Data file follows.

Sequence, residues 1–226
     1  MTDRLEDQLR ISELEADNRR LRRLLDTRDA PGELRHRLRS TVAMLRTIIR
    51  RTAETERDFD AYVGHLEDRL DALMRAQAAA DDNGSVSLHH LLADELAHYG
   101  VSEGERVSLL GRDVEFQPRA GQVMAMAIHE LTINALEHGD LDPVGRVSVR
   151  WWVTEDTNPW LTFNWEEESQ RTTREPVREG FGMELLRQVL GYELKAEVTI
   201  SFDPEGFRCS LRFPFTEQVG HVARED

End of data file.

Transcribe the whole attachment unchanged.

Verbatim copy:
Sequence, residues 1–226
     1  MTDRLEDQLR ISELEADNRR LRRLLDTRDA PGELRHRLRS TVAMLRTIIR
    51  RTAETERDFD AYVGHLEDRL DALMRAQAAA DDNGSVSLHH LLADELAHYG
   101  VSEGERVSLL GRDVEFQPRA GQVMAMAIHE LTINALEHGD LDPVGRVSVR
   151  WWVTEDTNPW LTFNWEEESQ RTTREPVREG FGMELLRQVL GYELKAEVTI
   201  SFDPEGFRCS LRFPFTEQVG HVARED